Further, the greatest of blogs are as different as night and day and as unique as any individual—always an original—and to me, that’s what makes the world go ‘round.

And what draws an audience.

Offering a unique perspective does matter, but the bottom line—a great blog is in the eyes of the beholder. In other words, your audience holds the key.

Graphic for Finding the Key to a Great Blog for kikolani by Sue-Ann Bubacz

Your Audience Holds the Key

Did I just tell you the same thing twice? Well, yes. I did.

Here’s the thing. Forget personas and avatars and identifying your target market to the most miniscule detail and just find an audience.

Look, I know this is a slap in the face to just about every single resource out there. I even know, eventually and ultimately, you will narrowly define your prospects or ideal customer to the tiniest appropriate details.

But, for now, especially if you are newer or just trying to build your blog, (or a client’s) you need to experiment, test, and well, maybe even feel your way around a bit.

I say this, so you BEGIN RIGHT THIS MINUTE.

I say this to stop the waste of time spent analyzing and building an explicit avatar, who, in the end, may not be accurate to the real persona profile information extracted from your actual traffic and audience.

In this recent post, Henneke Duistermaat, a writer I admire and respect, admits your actual audience may be entirely different than you think or planned.

Henneke also allows the freeing notion that it’s okay to change and adjust as you go.

But, most significant to me and maybe for you too, is when she states that the best way to write, meaningfully, is to write to only one person.

So pick your favorite reader. When you write for him only, your blog instantly becomes more engaging. You make each reader feel like you’re writing specifically for him.~HennekeD

Blogging this way is the most important and usable method to get your blog going. Write specifically to one person; and, speaking to that person, make sure you do write.

An actual audience, even a borrowed one, (check out this podcast to learn more about this borrowing an audience idea) tells you a whole lot more via reader interaction and response than guessing.

You’ll figure out many insightful things, as you go and, more importantly, you’ll be on your way.

In my experience, doing and testing gets you further than planning and strategizing, especially if you get caught in a pre-launch mode for a long time. If this is you, hit the “Go” button and feel assured that you can always go back to tweak and improve all along the way.

Your Digital Presence Requires You Are Present

Being present means: thought, planning, work, and time.

I don’t know about you, but I’m much more comfortable writing for someone else’s blog or website. They have a clearly defined audience (so you know exactly who you are writing to or for) with a set objective or goal in mind. Simple and straightforward.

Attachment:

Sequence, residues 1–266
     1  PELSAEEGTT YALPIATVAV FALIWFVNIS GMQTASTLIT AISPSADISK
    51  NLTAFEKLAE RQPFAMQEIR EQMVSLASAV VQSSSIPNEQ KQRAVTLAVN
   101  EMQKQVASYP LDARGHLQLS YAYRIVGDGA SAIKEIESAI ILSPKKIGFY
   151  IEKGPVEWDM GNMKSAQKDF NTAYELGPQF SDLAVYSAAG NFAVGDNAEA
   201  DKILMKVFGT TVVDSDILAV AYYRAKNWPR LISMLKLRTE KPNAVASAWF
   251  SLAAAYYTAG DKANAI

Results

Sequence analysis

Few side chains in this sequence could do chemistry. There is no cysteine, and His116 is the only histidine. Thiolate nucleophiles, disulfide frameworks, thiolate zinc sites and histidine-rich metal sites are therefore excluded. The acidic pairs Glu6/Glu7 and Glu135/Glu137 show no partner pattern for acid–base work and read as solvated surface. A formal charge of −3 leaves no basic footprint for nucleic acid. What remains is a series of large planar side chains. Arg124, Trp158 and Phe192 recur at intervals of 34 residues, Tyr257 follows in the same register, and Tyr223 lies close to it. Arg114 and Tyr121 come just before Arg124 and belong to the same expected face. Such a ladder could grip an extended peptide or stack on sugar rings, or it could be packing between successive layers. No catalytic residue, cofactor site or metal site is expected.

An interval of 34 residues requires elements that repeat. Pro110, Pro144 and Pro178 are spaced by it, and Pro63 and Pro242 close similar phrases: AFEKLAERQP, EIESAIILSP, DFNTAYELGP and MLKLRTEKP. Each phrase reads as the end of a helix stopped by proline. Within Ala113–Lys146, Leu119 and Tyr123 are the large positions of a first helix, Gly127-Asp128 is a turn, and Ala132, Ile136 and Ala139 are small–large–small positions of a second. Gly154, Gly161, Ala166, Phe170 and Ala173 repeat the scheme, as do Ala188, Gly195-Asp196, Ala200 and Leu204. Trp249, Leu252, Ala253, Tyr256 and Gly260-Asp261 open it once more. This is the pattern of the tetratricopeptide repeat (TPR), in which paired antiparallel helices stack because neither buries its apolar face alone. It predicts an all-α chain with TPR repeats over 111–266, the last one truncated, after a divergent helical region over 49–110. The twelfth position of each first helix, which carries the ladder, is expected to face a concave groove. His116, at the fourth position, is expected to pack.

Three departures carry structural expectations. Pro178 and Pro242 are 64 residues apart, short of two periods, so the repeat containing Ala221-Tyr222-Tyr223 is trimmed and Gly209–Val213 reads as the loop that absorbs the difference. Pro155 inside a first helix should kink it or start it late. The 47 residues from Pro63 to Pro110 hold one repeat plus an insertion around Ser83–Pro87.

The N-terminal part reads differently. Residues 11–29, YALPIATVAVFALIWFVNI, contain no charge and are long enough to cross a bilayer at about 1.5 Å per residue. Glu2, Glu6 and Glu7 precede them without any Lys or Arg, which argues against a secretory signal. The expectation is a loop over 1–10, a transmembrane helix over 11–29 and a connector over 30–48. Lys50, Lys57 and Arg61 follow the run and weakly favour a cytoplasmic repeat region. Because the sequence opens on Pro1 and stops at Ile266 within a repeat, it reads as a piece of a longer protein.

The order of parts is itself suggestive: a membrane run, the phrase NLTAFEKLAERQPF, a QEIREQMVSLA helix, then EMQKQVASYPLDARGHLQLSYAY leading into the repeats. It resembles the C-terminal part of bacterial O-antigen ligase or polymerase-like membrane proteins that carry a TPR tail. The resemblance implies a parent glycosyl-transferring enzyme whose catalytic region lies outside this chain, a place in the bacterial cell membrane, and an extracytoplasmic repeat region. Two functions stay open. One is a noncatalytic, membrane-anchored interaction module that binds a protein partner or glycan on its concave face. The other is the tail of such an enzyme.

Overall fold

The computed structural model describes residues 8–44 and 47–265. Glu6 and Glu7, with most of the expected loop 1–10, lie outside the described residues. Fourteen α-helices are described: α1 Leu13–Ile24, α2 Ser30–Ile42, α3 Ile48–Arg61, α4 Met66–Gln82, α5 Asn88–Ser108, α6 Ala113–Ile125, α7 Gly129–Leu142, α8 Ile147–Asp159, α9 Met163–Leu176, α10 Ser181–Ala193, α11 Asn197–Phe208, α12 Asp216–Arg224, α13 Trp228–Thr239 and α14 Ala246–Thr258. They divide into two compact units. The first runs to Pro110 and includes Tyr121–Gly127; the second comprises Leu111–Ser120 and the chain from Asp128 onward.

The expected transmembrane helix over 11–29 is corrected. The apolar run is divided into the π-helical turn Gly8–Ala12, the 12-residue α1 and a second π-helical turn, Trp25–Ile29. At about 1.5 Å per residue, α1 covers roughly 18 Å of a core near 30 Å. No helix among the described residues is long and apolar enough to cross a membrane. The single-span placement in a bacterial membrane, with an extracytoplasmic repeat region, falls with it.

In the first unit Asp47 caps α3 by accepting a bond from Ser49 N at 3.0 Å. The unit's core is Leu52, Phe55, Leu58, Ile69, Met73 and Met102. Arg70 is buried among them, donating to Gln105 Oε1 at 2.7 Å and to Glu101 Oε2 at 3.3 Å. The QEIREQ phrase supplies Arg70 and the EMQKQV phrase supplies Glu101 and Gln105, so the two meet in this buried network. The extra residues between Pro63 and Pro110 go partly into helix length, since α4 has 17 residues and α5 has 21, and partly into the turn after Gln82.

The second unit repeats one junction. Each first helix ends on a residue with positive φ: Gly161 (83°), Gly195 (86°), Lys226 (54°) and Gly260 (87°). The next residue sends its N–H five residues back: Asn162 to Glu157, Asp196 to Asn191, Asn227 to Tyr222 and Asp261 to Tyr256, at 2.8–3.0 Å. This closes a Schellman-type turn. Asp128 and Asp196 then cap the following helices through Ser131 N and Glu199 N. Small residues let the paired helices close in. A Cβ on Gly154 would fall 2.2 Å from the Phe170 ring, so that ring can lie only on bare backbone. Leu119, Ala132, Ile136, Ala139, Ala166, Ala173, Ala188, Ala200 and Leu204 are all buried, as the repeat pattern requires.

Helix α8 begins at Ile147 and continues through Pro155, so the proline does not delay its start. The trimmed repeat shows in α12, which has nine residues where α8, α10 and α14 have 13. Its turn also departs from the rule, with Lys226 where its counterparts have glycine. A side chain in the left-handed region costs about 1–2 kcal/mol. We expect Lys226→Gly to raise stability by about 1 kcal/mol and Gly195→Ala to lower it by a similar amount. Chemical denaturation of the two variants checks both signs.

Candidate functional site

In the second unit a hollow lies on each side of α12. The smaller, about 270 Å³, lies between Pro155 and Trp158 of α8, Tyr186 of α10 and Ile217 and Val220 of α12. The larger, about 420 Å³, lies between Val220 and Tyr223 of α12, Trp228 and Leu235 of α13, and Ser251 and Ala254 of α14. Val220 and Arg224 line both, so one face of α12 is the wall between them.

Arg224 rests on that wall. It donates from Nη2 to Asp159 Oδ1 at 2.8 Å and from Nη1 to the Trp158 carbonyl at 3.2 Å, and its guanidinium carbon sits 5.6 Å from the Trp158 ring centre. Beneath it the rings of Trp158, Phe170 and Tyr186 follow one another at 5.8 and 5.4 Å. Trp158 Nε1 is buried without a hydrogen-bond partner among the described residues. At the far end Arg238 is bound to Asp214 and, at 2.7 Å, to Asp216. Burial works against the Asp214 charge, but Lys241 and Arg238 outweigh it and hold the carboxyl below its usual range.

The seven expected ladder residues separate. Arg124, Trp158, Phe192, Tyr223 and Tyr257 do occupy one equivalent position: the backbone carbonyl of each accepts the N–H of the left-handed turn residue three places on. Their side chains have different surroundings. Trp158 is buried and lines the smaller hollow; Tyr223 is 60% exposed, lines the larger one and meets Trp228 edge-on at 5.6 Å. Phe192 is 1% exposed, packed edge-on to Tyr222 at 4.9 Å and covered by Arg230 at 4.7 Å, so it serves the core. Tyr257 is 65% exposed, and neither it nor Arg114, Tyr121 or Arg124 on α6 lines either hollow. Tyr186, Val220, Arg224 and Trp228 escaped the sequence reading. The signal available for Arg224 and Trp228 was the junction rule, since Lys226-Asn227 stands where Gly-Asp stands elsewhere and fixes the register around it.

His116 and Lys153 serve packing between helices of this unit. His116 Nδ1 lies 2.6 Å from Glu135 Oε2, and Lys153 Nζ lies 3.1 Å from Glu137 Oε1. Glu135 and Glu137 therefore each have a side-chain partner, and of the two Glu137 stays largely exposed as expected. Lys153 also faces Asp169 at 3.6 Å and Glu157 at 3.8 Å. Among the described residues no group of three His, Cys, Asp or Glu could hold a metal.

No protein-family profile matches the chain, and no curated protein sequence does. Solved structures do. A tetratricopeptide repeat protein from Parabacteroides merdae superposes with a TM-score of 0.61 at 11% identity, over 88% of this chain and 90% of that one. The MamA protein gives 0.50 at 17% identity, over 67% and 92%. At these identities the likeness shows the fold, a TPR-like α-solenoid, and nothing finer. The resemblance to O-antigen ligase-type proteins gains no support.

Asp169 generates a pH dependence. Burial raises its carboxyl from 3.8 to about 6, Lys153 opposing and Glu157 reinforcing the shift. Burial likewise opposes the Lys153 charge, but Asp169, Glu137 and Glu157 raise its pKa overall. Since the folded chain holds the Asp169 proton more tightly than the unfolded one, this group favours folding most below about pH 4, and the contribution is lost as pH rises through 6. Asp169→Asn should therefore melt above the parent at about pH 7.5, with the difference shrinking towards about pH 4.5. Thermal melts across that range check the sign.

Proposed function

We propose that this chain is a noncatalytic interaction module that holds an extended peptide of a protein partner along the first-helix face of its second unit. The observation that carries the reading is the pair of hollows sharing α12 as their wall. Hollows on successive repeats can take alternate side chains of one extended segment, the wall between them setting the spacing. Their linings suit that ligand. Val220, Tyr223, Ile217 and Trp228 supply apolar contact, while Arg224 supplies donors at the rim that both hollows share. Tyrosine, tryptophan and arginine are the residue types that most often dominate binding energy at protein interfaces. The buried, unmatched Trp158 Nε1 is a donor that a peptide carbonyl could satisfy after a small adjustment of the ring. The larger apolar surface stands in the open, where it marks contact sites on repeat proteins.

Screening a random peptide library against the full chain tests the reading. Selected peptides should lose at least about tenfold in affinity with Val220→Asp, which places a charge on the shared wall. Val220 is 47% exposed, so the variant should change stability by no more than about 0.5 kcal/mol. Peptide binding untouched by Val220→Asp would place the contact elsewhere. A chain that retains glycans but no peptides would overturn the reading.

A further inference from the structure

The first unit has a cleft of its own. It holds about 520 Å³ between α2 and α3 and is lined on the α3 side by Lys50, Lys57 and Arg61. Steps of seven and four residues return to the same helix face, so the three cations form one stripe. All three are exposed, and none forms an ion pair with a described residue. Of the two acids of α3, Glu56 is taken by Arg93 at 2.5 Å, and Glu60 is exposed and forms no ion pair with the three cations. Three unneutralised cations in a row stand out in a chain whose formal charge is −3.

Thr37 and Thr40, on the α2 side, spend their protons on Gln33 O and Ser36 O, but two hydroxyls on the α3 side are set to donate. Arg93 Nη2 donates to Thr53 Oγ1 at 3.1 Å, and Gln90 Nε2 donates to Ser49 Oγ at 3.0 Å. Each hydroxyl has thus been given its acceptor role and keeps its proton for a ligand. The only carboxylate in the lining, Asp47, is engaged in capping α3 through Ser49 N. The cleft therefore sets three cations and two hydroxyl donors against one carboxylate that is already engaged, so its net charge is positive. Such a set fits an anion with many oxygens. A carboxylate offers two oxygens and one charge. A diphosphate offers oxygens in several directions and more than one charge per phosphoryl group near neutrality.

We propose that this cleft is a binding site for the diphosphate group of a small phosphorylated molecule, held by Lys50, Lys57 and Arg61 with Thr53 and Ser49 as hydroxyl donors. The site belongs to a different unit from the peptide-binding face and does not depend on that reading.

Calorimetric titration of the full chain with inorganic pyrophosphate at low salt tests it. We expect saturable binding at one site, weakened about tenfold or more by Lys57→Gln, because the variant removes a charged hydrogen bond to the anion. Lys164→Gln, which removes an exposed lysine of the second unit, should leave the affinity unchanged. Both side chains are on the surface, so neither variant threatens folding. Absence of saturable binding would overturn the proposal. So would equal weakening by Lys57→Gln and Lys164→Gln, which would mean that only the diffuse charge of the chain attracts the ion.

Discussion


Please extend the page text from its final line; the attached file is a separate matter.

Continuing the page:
On the other hand, starting, creating, and building a blog in your own space may not be as easy or well-defined, at first.

If your blog is as small as mine once was, you can just call your audience, “mom!”

Still, no matter the size, there are things to do. Then to evaluate. And then to refine, to find the perfect formula for your great blog. Don’t forget to add the one special spice no one else has–you!

The Secret: The Formula for a Great Blog Will Be Different for Everyone.

What the World Says

Looking at the research or the current wisdom gives you a place to start.

And this information is useful but, in the end, you will create a unique digital imprint that is solely yours and yours alone.

Each and every blog success story has a toolbox of various things that work for different purposes, but every blog is unique, using a singular set of tools that work best for them.

And what works, changes.

That said, here is an outline of topics and practices I’ve pulled together for you.

They represent a consensus of the most important components for creating a great blog. Use, or at least consider, these basic guidelines to improve your blogging efforts.

Here Ye, Here Ye or EXTRA! EXTRA!

#1.  Headlines may be the most important words you ever write so always start there for effective blog posts.

Study, test and practice the art of the headline because it can be a factor that can make or break you.

Look, if your headlines don’t work, neither will your content, since no one will see it.

Here are a few best resources to keep handy to help you create winning headlines:

First, from my go-to resource for just about anything writing, copywriting, or content marketing, Barry Feldman hones in on how to create and use headlines connecting on an emotional level to move your readers along.